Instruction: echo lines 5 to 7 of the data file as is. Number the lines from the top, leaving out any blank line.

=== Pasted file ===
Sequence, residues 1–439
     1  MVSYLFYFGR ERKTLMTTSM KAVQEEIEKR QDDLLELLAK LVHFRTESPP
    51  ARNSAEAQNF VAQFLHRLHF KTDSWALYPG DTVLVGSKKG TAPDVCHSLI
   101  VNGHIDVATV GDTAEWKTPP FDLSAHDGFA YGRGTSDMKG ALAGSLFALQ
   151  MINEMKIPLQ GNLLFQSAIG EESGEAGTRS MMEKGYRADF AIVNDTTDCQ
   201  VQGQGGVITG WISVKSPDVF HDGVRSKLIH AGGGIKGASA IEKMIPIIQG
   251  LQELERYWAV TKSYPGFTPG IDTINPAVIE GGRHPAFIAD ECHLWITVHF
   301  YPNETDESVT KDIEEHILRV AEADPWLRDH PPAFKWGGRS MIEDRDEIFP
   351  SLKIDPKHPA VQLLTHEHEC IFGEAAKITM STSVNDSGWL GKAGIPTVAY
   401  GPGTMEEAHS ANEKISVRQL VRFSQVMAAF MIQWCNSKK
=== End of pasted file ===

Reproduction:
   151  MINEMKIPLQ GNLLFQSAIG EESGEAGTRS MMEKGYRADF AIVNDTTDCQ
   201  VQGQGGVITG WISVKSPDVF HDGVRSKLIH AGGGIKGASA IEKMIPIIQG
   251  LQELERYWAV TKSYPGFTPG IDTINPAVIE GGRHPAFIAD ECHLWITVHF